Tuesday, May 27, 2014

Does the Law Make Men Good - Aquinas

One of the questions that Thomas Aquinas addresses is 'Whether an effect of law is to make men good?'.  The objections that he proposes are as follows:

  • Men are good through virtue and virtue is given to man through God.
  • Men profit only by following the law. They follow the law because they are good. Being good happens before someone follows the law.
  • The law deals with common good. Some people follow that common good but in personal matters are bad. The law doesn't make them good.
  • Some laws are bad and tyrannical. These obviously don't make man good.
Aquinas quotes Aristotle as saying "the intention of every lawgiver is to make good citizens".  He goes on to say in his own words:
For if the intention  of the lawgiver is fixed on true good, which is the common good regulated according to Divine justice, it follows that the effect of the law is to make men good simply.
My own sense is that concepts like law, justice and good are very well intertwined with each other.  The law gives guidelines as to correct behavior.  For example, speed limit laws aren't universal.  They aren't any kind of law that occurred before cars were developed.  Before then, people would drive their horses and carts at whatever speed seemed appropriate and things were fine.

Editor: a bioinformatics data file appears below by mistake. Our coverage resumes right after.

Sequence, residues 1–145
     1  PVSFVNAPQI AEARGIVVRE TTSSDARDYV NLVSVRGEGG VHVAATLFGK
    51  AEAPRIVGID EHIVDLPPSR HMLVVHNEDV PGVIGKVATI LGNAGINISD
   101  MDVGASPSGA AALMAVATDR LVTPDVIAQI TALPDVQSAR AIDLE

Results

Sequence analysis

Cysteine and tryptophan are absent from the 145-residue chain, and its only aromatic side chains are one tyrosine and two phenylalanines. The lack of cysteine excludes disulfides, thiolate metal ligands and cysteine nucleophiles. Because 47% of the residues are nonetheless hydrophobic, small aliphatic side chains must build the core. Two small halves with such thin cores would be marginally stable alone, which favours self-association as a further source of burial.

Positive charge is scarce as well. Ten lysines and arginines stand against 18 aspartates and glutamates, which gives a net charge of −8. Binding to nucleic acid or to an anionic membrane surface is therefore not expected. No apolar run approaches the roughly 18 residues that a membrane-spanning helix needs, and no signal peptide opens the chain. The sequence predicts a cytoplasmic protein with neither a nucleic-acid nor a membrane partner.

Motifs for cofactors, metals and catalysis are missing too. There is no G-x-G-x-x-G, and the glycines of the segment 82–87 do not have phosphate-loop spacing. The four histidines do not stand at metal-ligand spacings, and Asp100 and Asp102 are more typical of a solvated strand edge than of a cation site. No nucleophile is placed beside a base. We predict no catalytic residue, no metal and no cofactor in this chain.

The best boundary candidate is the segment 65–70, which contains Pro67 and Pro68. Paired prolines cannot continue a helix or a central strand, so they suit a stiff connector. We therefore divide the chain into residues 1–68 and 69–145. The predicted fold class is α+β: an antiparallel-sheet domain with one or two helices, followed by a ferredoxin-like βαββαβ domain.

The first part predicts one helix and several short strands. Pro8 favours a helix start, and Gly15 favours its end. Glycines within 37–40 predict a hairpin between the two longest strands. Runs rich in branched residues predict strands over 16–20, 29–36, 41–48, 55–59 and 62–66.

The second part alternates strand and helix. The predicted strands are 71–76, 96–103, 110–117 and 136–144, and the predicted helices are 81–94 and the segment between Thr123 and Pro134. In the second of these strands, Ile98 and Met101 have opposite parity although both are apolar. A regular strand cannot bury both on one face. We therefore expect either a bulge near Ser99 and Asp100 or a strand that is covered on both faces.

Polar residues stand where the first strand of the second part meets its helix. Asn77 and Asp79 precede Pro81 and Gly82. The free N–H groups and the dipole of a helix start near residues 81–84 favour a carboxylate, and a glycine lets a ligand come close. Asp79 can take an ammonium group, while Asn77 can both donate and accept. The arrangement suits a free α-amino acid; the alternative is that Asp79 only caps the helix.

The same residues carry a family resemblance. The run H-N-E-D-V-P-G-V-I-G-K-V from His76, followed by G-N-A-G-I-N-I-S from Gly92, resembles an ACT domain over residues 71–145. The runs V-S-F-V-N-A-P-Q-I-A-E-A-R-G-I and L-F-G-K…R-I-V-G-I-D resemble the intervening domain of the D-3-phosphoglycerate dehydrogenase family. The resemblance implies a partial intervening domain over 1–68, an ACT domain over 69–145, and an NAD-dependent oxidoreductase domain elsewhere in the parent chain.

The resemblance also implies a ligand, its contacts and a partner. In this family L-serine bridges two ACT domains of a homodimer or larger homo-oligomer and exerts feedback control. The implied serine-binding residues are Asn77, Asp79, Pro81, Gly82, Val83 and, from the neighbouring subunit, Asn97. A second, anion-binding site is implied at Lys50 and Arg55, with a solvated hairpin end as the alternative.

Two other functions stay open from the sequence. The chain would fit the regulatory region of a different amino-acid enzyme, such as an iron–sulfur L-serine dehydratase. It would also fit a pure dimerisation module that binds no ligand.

The law was introduced and people had to adapt to it.  If they broke the speed limit law, they weren't necessarily immoral, but by following it as a guideline, they developed the common good that is a safe traffic place.  That means that they may sacrifice some speed (a kind of profit) for a greater good.
Again though, let me note that this isn't a universal law.  Speed limits vary and in some places they don't have them at all.  The people there aren't 'bad' but they do belong to a different driving culture.  (I can't help but think of my brother who was stationed in Germany for a while.  He would be horrified that I'm holding up speed limit laws as an example of law providing a good guideline!)
I think laws help people be good but on their own, they aren't reliable enough to create good behavior.  Laws against murder are fairly universal but if some clerical error struck murder laws from the books, I don't think many people would go on killing sprees.  Cultural elements and teaching of virtue have some (possibly greater) role than the actual text of the law does.

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